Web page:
This Is Local LondonArrest over 15-stone boy defended (From This Is Local London)

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Arrest over 15-stone boy defended

This Is Local London: The boy has a body mass index of 41.9, meaning he is classed as very overweight The boy has a body mass index of 41.9, meaning he is classed as very overweight

A police force has defended its decision to arrest the parents of a 15-stone 11-year-old over concerns about his weight.

Norfolk Police confirmed that an un-named 49-year-old man and 44-year-old woman, both from the King's Lynn area, are currently on bail pending further inquiries after concerns were raised about the boy's welfare.

The mother told The Sun that she and her husband spent 50 minutes in a cell following their arrest.

Their 5ft1in boy has a body mass index of 41.9 - meaning the boy is classed as very overweight - but the woman told the newspaper the family had been trying to keep him slim.

She added: "The idea they could take away my son scares me so much.

"His weight isn't that much of a big deal.

"I'm chubby and the whole of my husband's side of the family is big. It's genetics - you can be genetically fat."

The woman explained that they encouraged the boy to play active games on his Wii console.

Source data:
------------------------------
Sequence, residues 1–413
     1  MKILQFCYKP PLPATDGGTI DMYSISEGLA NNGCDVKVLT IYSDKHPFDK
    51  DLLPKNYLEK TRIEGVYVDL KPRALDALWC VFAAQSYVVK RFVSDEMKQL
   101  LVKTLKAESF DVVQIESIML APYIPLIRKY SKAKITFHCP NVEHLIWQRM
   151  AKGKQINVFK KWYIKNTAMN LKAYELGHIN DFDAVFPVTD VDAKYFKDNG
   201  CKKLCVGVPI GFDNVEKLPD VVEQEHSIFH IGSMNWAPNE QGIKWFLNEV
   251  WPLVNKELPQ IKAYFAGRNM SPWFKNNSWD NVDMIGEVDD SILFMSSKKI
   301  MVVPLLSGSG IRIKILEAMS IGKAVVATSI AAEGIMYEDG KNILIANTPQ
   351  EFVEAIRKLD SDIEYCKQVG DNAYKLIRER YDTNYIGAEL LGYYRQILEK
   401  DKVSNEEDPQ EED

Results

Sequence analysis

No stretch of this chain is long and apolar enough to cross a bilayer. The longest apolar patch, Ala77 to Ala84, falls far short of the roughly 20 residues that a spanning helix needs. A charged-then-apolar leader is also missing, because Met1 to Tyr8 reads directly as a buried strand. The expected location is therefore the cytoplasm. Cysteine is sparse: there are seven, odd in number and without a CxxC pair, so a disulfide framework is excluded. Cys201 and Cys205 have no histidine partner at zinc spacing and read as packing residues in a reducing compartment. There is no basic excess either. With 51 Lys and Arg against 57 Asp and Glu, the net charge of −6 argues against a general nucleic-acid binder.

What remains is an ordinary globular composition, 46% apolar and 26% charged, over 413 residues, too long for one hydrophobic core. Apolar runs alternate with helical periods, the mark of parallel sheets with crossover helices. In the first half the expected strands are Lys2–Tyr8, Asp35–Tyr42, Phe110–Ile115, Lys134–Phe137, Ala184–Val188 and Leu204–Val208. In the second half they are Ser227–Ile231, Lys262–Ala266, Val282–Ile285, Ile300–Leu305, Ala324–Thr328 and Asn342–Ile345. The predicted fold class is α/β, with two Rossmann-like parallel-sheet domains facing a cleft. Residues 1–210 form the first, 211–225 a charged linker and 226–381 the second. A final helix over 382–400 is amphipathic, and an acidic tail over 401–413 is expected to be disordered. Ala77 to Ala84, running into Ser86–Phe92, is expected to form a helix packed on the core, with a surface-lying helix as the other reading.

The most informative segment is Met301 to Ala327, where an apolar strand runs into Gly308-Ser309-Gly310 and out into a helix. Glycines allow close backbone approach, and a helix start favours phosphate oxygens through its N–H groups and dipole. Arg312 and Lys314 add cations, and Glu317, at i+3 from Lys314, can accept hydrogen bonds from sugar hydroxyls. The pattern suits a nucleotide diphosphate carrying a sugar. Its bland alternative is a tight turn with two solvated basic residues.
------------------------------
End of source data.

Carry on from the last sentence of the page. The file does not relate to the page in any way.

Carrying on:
A force spokesman said officers from the child abuse investigation unit worked closely with health and social services to deal with "sensitive issues such as obesity and neglect of a child".

It is understood doctors at the Queen Elizabeth Hospital, King's Lynn, contacted police after the boy, who was already known to social services, was twice brought in for treatment in March.

The mother and father voluntarily attended a police station and were interviewed under caution on suspicion of neglect and child cruelty.

A police spokesman added: "Any action taken by any agency will be subject to a joint strategy between all partner agencies and will always be taken with the welfare of the child and their protection from harm as paramount.

"While it is inappropriate to comment on this case specifically, it is important to stress that intervention at this level is very rare and will only occur where other attempts to protect the child have been unsuccessful."

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